The Vernal, about a mile below the Nevada, is 400 feet high, a staid, orderly, graceful, easy-going fall, proper and exact in every movement and gesture, with scarce a hint of the passionate enthusiasm of the Yosemite or of the impetuous Nevada, whose chafed and twisted waters hurrying over the cliff seem glad to escape into the open air, while its deep, booming, thunder-tones reverberate over the listening landscape. Nevertheless it is a favorite with most visitors, doubtless because it is more accessible than any other, more closely approached and better seen and heard. A good stairway ascends the cliff beside it and the level plateau at the head enables one to saunter safely along the edge of the river as it comes from Emerald Pool and to watch its waters, calmly bending over the brow of the precipice, in a sheet eighty feet wide, changing in color from green to purplish gray and white until dashed on a boulder talus. Thence issuing from beneath its fine broad spray-clouds we see the tremendously adventurous river still unspent, beating its way down the wildest and deepest of all its cañons in gray roaring rapids, dear to the ouzel, and below the confluence of the Illilouette, sweeping around the shoulder of the Half Dome on its approach to the head of the tranquil levels of the Valley.

The Illilouette Fall

The Illilouette in general appearance most resembles the Nevada. The volume of water is less than half as great, but it is about the same height (600 feet) and its waters receive the same kind of preliminary tossing in a rocky, irregular channel. Therefore it is a very white and fine-grained fall. When it is in full springtime bloom it is partly divided by rocks that roughen the lip of the precipice, but this division amounts only to a kind of fluting and grooving of the column, which has a beautiful effect. It is not nearly so grand a fall as the upper Yosemite, or so symmetrical as the Vernal, or so airily graceful and simple as the Bridal Veil, nor does it ever display so tremendous an outgush of snowy magnificence as the Nevada; but in the exquisite fineness and richness of texture of its flowing folds it surpasses them all.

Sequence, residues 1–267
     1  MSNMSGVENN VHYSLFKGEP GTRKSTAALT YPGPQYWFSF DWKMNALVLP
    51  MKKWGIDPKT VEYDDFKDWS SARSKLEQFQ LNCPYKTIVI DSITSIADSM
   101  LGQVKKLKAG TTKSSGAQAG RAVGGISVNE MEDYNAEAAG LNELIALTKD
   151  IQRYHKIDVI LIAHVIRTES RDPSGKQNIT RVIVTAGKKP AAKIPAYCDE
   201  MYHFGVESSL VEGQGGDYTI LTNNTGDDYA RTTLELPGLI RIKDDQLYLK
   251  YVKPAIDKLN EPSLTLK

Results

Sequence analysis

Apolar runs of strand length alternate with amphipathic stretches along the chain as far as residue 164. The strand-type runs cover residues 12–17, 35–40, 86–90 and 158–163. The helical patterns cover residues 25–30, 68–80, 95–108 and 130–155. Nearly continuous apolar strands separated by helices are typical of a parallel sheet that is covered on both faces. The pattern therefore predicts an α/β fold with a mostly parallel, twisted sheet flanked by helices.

One of the finest effects of sunlight on falling water I ever saw in Yosemite or elsewhere I found on the brow of this beautiful fall. It was in the Indian summer, when the leaf colors were ripe and the great cliffs and domes were transfigured in the hazy golden air. I had scrambled up its rugged talus-dammed cañon, oftentimes stopping to take breath and look back to admire the wonderful views to be had there of the great Half Dome, and to enjoy the extreme purity of the water, which in the motionless pools on this stream is almost perfectly invisible; the colored foliage of the maples, dogwoods, Rubus tangles, etc., and the late goldenrods and asters. The voice of the fall was now low, and the grand spring and summer floods had waned to sifting, drifting gauze and thin-broidered folds of linked and arrowy lace-work. When I reached the foot of the fall sunbeams were glinting across its head, leaving all the rest of it in shadow; and on its illumined brow a group of yellow spangles of singular form and beauty were playing, flashing up and dancing in large flame-shaped masses, wavering at times, then steadying, rising and falling in accord with the shifting forms of the water. But the color of the dancing spangles changed not at all. Nothing in clouds or flowers, on bird-wings or the lips of shells, could rival it in fineness. It was the most divinely beautiful mass of rejoicing yellow light I ever beheld—one of Nature’s precious gifts that perchance may come to us but once in a lifetime.

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